Many more South African troops died during a rebel offensive in the Central African Republic than Pretoria has admitted, local sources have told RFI. The same sources said the soldiers were fighting to protect South African mining and oil contracts.
Doubts have been raised over the number of South African soldiers killed during a coup d’état in the Central African Republic (CAR) in late March.
Officially, South Africa says that 13 of its soldiers died fighting rebels from the Seleka alliance that toppled deposed CAR president François Bozizé's regime.
But according to the rebels, as many as 36 South Africans were killed, raising questions over why the soldiers were stationed there and why the South African government would want to cover up the number of deaths.
Cyril Bensimon, correspondent for FRANCE 24’s sister broadcaster Radio France Internationale (RFI), said on Thursday: “General Arda Hakouma, the chief of staff for the Seleka forces, told me categorically that on March 23, in fighting between the town of Damara and the capital Bangui, not 13 but 36 South Africans were killed.”
The South African force, Bensimon said, was caught between two separate rebel units, one heading for Bangui and the other moving north in a “flanking manoeuvre”.
“From our information, François Bozizé was with the South Africans but managed to escape,” said Bensimon.
“And according to another source the death toll could be even higher,” the RFI reporter added. “The source, who wants to remain anonymous, was at the French military base on Monday March 25, the day after Bangui fell to the rebels. He said he counted at least 50 body bags about to be loaded onto a Hercules transport plane heading for Pretoria. All the while, other dead bodies of South African soldiers kept arriving.”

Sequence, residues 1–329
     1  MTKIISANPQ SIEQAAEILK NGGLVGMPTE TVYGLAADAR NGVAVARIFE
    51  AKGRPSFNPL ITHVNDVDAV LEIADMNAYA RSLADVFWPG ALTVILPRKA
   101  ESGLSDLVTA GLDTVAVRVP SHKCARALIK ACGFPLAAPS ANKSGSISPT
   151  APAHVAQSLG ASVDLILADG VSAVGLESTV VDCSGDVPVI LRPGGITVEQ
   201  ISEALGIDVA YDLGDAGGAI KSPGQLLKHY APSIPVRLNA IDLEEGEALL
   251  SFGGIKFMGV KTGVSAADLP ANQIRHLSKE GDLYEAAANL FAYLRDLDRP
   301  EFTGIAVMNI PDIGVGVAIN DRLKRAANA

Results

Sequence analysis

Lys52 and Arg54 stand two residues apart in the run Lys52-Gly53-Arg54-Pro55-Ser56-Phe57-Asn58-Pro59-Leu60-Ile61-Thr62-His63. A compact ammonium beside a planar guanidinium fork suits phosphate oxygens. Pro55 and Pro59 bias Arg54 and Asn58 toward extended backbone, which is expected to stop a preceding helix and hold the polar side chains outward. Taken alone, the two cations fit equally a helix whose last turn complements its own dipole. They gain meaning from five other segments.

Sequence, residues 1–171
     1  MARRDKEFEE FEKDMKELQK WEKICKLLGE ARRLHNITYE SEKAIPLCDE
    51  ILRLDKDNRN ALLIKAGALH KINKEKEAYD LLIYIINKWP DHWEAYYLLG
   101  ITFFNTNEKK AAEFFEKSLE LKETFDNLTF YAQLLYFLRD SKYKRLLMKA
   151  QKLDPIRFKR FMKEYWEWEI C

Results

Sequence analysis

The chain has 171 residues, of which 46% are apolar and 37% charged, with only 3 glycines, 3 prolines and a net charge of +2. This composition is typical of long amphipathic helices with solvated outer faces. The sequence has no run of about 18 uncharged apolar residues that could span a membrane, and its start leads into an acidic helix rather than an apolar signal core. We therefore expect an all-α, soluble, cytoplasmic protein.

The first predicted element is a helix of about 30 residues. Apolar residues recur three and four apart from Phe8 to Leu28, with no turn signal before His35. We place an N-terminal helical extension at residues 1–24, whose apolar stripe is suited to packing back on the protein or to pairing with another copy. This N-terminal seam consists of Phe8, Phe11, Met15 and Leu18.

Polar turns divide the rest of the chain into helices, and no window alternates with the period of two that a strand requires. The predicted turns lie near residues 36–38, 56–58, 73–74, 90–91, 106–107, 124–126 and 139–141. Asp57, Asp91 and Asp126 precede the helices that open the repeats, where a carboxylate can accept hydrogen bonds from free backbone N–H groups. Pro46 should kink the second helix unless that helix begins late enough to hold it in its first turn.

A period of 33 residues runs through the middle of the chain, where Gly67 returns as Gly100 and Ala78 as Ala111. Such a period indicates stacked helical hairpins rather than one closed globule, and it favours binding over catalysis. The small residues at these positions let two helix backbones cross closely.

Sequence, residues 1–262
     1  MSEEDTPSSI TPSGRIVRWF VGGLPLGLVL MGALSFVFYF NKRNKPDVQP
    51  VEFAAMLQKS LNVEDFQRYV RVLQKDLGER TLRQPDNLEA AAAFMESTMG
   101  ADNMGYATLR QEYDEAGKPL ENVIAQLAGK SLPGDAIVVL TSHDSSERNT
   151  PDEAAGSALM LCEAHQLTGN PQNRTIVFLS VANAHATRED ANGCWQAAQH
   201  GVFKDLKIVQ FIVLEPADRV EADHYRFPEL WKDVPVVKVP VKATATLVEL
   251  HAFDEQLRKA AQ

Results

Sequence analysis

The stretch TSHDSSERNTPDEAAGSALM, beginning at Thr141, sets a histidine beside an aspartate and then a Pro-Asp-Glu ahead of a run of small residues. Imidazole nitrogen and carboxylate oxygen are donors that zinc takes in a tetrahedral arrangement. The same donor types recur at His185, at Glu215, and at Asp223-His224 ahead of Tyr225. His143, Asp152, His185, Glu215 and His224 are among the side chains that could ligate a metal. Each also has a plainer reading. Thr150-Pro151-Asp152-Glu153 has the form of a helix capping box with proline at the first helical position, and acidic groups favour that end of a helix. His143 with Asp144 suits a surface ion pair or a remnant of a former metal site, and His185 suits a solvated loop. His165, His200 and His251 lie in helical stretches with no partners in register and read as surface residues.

Bensimon said that other military and diplomatic sources had confirmed to him that the number of South Africans killed was “more than 40”.
Aside from why South Africa appears to have downplayed the number of soldiers killed in the fighting, the question remains as to why the country’s troops were so keen to defend CAR’s ousted president at such a high cost.
“Senior members of the [CAR’s Seleka-dominated] government and security sources tell me that Pretoria was fighting to save these contracts,” Bensimon said.
“One minister singled out South African company Dig Oil which was prospecting in CAR, saying it was a ‘cash cow’ for [South Africa’s ruling] African National Congress. One of the company’s major shareholders is the nephew of South African President Jacob Zuma.”
Bensimon concluded: “If these accounts are confirmed, a major political crisis in South Africa seems inevitable.”
Date created : 2013-04-04